It’s been way too long coming but I am finally happy to announce the release of dashEE 2.0 – the control panel dashboard framework for EE CMS.
There’s a new ExpressionEngine (EE) add-on type in town and it’s name is Widget! We’re all familiar with the standard EE add-ons: modules, fieldtypes, accessories, extensions and plug-ins. But did you know there was an additional type that allowed you to customize the control panel homepage with your own content and functionality? It’s called a widget and in this post I’ll review how you can create your own widgets that work with the dashEE module to assemble your own custom EE control panel dashboard.
Today I’m excited to announce the release of a new EE module called dashEE. dashEE is a completely customizable control panel dashboard alternative that gives developers the ability to create custom widgets either as stand alone add-ons or as part of their existing custom modules. Check out the Github repo for more details.
Web applications are better than old school applications that get installed on your hard drive because you can access them from anywhere using the web. They do however suffer from the same limited communication channel as typical software because they can only interact with users via the computer. Users provide input via the keyboard and the app provides output via the screen. Wouldn’t it be cool if we could take advantage of other communication channels like phone and text messages to communicate with our users? Well now we can with the help of Twilio. In this post I’ll walk you through building an application that can make phone calls and send text messages using the Twilio API.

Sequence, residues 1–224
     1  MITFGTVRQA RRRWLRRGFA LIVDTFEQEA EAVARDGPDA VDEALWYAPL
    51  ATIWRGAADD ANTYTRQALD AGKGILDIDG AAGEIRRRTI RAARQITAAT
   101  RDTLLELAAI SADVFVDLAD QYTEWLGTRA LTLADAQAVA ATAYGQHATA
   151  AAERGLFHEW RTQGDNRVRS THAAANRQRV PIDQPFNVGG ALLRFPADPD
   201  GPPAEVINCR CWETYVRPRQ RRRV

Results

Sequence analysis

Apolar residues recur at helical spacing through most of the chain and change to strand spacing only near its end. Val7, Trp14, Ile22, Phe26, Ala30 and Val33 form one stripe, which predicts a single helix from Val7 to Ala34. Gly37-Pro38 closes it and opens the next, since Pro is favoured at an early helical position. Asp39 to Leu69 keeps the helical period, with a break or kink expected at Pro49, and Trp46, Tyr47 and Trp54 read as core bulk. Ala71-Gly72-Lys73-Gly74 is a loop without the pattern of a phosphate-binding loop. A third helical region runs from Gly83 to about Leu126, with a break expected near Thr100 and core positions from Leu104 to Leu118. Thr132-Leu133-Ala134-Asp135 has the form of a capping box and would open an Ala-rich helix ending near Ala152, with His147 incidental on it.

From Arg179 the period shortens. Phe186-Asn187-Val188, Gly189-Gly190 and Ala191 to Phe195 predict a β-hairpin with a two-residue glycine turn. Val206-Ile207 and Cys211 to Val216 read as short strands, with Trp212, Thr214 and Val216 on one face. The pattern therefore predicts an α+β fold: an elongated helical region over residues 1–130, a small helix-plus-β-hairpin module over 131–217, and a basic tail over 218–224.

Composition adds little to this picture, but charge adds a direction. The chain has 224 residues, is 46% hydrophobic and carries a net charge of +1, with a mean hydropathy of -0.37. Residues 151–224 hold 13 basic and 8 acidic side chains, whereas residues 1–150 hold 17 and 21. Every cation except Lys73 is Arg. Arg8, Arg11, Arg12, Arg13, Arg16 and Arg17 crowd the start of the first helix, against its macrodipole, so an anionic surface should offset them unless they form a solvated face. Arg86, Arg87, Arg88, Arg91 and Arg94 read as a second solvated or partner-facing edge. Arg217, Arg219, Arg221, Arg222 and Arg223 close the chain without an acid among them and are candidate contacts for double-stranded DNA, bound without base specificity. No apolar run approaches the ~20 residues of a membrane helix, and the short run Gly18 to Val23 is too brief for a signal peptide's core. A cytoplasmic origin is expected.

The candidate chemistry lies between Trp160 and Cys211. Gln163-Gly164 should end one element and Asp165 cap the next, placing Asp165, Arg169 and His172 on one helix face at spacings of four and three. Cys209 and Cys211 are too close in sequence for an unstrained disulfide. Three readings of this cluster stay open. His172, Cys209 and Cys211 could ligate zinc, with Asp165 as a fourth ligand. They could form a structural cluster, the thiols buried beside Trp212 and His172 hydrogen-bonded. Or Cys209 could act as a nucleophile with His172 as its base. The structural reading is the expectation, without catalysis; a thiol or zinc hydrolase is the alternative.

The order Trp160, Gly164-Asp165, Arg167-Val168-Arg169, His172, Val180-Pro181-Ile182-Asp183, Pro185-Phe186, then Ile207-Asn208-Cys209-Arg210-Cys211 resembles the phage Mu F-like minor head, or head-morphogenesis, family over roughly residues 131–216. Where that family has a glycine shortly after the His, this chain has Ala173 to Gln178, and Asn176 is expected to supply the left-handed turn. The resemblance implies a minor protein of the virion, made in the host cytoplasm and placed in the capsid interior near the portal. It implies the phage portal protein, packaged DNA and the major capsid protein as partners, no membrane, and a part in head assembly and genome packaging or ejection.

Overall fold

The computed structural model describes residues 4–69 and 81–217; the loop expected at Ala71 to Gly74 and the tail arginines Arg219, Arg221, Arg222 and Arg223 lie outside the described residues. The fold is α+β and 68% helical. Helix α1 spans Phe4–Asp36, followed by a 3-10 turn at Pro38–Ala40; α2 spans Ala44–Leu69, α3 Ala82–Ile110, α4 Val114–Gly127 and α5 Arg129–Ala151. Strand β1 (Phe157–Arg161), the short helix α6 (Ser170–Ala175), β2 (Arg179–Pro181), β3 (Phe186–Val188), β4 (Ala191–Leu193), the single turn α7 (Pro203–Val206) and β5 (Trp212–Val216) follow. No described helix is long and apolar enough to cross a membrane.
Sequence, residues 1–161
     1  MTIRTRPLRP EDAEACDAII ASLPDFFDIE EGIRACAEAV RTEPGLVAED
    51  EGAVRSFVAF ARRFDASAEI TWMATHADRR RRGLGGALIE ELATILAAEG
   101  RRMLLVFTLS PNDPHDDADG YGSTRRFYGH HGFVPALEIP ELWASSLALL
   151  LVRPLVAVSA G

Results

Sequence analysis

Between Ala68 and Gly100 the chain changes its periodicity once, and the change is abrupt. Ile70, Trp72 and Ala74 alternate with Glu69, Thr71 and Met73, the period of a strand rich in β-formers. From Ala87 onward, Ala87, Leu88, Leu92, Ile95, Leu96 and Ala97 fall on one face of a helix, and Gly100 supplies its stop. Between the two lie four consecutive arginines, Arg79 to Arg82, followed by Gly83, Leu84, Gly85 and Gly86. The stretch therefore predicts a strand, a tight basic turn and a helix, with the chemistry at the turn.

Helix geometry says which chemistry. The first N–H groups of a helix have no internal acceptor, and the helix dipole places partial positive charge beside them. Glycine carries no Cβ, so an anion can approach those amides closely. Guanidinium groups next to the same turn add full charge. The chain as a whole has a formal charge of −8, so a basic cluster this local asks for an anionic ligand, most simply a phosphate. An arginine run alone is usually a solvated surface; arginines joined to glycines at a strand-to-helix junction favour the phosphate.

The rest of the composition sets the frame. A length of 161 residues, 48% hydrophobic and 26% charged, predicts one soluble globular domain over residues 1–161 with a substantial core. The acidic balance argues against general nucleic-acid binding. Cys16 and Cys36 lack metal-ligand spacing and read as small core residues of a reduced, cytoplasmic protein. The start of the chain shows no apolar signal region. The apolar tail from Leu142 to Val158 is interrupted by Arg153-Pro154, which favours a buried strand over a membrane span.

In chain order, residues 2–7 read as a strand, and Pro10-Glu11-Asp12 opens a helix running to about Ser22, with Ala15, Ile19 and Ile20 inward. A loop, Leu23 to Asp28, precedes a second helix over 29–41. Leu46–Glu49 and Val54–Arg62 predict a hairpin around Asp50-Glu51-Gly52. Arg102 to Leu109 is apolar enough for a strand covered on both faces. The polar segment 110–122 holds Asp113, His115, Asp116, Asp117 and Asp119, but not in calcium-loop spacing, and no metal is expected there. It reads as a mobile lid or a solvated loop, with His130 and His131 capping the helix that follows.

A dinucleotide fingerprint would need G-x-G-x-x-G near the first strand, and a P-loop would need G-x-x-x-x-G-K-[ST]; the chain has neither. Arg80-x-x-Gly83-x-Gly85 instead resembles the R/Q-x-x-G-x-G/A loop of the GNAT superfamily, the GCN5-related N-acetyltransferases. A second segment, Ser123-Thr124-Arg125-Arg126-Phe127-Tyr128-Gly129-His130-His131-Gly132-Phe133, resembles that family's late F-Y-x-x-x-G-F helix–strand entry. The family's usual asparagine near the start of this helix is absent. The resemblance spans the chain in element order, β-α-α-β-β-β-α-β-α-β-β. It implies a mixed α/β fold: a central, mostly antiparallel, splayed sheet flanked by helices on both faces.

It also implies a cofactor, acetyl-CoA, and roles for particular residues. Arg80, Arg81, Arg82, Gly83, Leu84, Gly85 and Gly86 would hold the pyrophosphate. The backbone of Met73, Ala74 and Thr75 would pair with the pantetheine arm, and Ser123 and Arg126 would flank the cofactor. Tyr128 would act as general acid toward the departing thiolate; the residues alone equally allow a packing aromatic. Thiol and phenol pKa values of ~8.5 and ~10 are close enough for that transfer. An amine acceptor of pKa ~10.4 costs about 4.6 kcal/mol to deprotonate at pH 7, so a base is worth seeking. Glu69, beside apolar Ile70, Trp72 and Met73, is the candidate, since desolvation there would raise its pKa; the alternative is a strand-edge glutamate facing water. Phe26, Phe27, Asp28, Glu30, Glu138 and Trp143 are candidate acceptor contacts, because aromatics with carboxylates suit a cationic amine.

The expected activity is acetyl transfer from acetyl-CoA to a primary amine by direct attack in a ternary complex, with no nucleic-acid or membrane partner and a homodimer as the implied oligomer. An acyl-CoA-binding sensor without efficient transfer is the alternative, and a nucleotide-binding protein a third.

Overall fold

So far in this series I’ve discussed my typical application structure, configuration and helper files when developing apps using CodeIgniter (CI). In this final post I’ll review creating code templates for quick consistent development.
So far in this series we’ve discussed framework/application structure and configuration information. The next thing I always add to new applications is some common helper files I’ve developed and that come in handy in most projects. CodeIgniter (CI) helpers are very flexible tools to assist with common tasks throughout the app. If it doesn’t belong in a controller and is too small for a custom library then a helper might be just what the programmer ordered.
The framework that you use to build your application will end up being the foundation of your program. Everything that your program does will revolve around how that framework works. Things like naming conventions, file paths and settings are dictated by the framework. But if you have chosen a good framework, like CodeIgniter (CI), you will be able to manipulate how that framework works and the tools it makes available to you by modifying it’s configuration information. In the first post I talked about application file structure. Now that the structure is solid I’m going to look at how I configure the framework so that it works the way I expect.
When submitting sensitive information over the web it’s important to ensure that the requested page is being accessed via an HTTPS encrypted connection. I’ve come across some forms that don’t check whether a secure connection has been made or not. In other words, you can delete the S from HTTP and instead of redirecting the user back to the HTTPS connection the form is just displayed unsecured. This is a BIG NO NO… as a programmer you cannot rely on the visitor, or even other developers who would be linking to the form, to request a form securely. In this post I will review how you can ensure that your users are accessing certain pages using a secure connection.
Creating web applications with CodeIgniter (CI) is quick and easy because CI handles a lot of the typical application requirements right out of the box (like session management, database abstraction and file uploading). I’ve developed a number of applications with CI now, including BadgeTracker and Sign-Up-Sheet.com, and while CI does handle the repetitive stuff it’s still up to you to create a scalable and easy to update application. Over the last couple of years I’ve come up with a pretty solid structure and set of files that I use whenever I’m building a new app and in this series I’m going to show you what I do so you can get ideas for your own apps.